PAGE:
While recommending that the constitutional framework should permit GST to be extended to all goods and services, the committee is silent on the treatment of real estate, which is neither a good nor a service. Without an explicit inclusion, real estate may remain outside the GST under the constitutional framework. This is certainly not desirable. Under modern GST enactments, such as those in Australia, Canada, Singapore, South Africa, and New Zealand, no distinction is drawn between goods and real property and the tax is extended to all in a seamless manner. This is also the feature of the flawless GST. Inclusion of real property in the base is crucial for the flawless GST rate to be brought down to 12 per cent, which the Committee found so attractive and was perhaps the single-most important factor in its recommendation for no items to be left out of the GST ambit.
So, where does the government go from here? Clearly, GST cannot happen before the general elections, given the time required for legislative enactments and other preparations. The next immediate step for the government is to table the revised Constitution Bill in Parliament. Will the government accept all the recommendations of the Standing Committee? Will it agree to a comprehensive base that includes all sectors such as petroleum, alcohol and real estate? Will it accept the subsumation of taxes such as the entry tax, entertainment tax and electricity duty? Will it allow the states to opt out of the GST? If yes, what would be the mechanism for the opt-out? Will the states that opt out be allowed to keep all of the taxes they currently levy, including the dreaded Central Sales Tax on inter-state sales? It remains to be seen how these issues would be addressed.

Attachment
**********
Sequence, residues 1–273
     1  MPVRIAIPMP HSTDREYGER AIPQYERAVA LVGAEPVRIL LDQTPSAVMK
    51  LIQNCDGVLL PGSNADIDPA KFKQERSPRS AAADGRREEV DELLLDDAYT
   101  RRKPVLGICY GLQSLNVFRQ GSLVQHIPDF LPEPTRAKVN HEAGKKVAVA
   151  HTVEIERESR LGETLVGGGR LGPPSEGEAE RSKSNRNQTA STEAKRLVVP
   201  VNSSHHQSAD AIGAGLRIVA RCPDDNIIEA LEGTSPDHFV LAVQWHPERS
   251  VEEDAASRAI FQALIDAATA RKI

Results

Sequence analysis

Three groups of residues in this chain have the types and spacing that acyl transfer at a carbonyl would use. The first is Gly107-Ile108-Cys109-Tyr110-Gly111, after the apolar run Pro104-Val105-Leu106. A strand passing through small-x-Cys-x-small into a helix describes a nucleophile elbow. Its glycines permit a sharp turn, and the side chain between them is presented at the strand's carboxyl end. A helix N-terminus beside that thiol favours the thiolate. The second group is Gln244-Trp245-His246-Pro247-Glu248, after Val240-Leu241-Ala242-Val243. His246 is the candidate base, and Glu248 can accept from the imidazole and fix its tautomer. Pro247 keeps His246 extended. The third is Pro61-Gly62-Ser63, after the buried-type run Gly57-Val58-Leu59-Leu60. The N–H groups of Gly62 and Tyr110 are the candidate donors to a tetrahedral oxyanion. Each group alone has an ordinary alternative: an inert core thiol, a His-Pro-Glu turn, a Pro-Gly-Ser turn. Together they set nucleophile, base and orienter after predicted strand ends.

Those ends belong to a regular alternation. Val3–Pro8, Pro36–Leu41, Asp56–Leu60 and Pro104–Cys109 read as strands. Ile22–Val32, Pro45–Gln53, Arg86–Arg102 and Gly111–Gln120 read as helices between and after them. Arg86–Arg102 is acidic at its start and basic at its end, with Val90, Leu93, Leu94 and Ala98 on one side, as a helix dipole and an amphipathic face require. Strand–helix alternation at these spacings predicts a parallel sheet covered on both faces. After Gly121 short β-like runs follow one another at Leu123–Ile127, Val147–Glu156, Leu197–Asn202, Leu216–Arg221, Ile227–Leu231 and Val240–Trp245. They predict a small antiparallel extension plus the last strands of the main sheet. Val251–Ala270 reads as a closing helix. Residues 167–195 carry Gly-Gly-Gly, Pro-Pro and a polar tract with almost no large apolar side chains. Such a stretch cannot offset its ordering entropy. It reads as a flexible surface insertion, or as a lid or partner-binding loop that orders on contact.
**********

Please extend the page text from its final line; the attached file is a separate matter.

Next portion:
The Standing Committee's Report is an all-party endorsement of the GST and it would be unthinkable that the government, current or future, would oppose it. One hopes that the Centre would have the foresight to bring out an amended Constitution Bill, without any second thoughts about agreeing to the Committee's suggestions. For, this would be good for the country and a fitting tribute to the Indian democracy.
(The writer is Tax Partner, Ernst & Young. Shalini Mathur, Senior Policy Advisor, Ernst & Young contributed to the article. These views are personal)